In recent years there has been a flurry of interest in green infrastructure (such as green facades, walls and roofs) across the world. For example, in the ten years to 2016, green infrastructure activity increased 900% in Singapore and 360% in London.
Many cities across the world also have government policies in place supporting, facilitating and encouraging green infrastructure. Several councils in Melbourne for instance endorse the University of Melbourne’s Growing Green Guide and support the development of public and private green infrastructure projects.
However, some key industry players are finding that while knowledge of green infrastructure has grown lately, its uptake seems to have plateaued. The focus has certainly shifted from aesthetics to function, with green infrastructure increasingly being installed to fulfil a purpose, such as sun shading or storm water retention.
But the plateauing appears to be largely due to some of the misinformation out there on green infrastructure.
This include issues about:
- Costs – the perception that green infrastructure is very costly with limited returns.
- Plant failure – e.g. that plants die off and need constant replacement.
- Loads – concerns about green infrastructure putting heavy loads on buildings and degrading their performance.
- Water problems – such as anxieties about the potential for water leakage.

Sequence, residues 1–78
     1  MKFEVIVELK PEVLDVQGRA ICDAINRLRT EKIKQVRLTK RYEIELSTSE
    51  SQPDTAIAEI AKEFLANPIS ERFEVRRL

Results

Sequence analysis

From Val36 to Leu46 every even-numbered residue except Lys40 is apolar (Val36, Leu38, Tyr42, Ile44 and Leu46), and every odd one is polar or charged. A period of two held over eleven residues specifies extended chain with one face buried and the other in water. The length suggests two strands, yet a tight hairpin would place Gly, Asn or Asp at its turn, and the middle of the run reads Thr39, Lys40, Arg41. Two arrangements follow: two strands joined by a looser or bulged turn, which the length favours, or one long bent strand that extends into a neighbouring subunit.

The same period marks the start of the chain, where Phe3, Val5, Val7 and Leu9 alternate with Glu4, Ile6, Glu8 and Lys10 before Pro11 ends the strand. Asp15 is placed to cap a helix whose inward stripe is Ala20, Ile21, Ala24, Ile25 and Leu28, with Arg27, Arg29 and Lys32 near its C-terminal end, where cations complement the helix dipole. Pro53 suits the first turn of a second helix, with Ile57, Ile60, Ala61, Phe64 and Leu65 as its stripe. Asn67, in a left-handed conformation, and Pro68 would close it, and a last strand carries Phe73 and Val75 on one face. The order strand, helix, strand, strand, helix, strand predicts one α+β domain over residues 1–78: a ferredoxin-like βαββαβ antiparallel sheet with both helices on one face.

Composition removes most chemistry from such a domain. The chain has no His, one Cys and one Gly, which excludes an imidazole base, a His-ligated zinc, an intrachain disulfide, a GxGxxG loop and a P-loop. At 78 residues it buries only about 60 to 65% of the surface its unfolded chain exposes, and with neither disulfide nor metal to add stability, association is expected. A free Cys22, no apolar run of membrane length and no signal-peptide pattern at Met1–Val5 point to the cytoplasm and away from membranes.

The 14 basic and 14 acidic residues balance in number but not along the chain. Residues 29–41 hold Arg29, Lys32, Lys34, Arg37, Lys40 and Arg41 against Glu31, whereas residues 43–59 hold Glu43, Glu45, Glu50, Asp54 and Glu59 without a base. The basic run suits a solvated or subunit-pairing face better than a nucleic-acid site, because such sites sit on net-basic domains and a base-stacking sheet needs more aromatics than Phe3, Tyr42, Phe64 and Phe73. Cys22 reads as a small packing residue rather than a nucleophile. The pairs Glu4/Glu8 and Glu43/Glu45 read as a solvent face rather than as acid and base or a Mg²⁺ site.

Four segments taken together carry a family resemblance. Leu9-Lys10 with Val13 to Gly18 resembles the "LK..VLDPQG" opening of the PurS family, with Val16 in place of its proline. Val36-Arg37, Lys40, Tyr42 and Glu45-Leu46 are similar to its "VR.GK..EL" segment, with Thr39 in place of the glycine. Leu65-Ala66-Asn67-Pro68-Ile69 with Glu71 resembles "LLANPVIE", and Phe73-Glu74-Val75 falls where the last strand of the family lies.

Are these concerns legitimate?
In cases of poorly designed or badly maintained green infrastructure projects, these concerns could certainly be understandable. However, they can all be addressed with the right approach to green infrastructure installations.
How these concerns can be addressed
While there is an upfront cost to a project, a quality green infrastructure installation can provide economic benefits such as cooling of building walls and reduced energy costs. Other economic benefits may include the potential for increases in property values, occupancy levels and rental returns in residential and commercial buildings and increased custom in retail centres.
Plant failure is very unlikely with proper care from a contracting company that has expertise in vertical gardens. A maintenance plan also needn’t be a huge undertaking as once a green installation is established, it may only require expert care once or twice a year.
Building performance / degradation
Providing the project is precision-engineered at the design stage there is no need to be concerned about excess strain on the building.
There is also some evidence that building longevity may be increased through green walls as they can offer a layer of protection from the elements.
With rigorous site assessments, good design and a professional approach to drainage issues, concerns about leakage can be fully addressed.
If you are interested in a green infrastructure project but concerned about how well it will perform, feel free to get in touch with us for a discussion.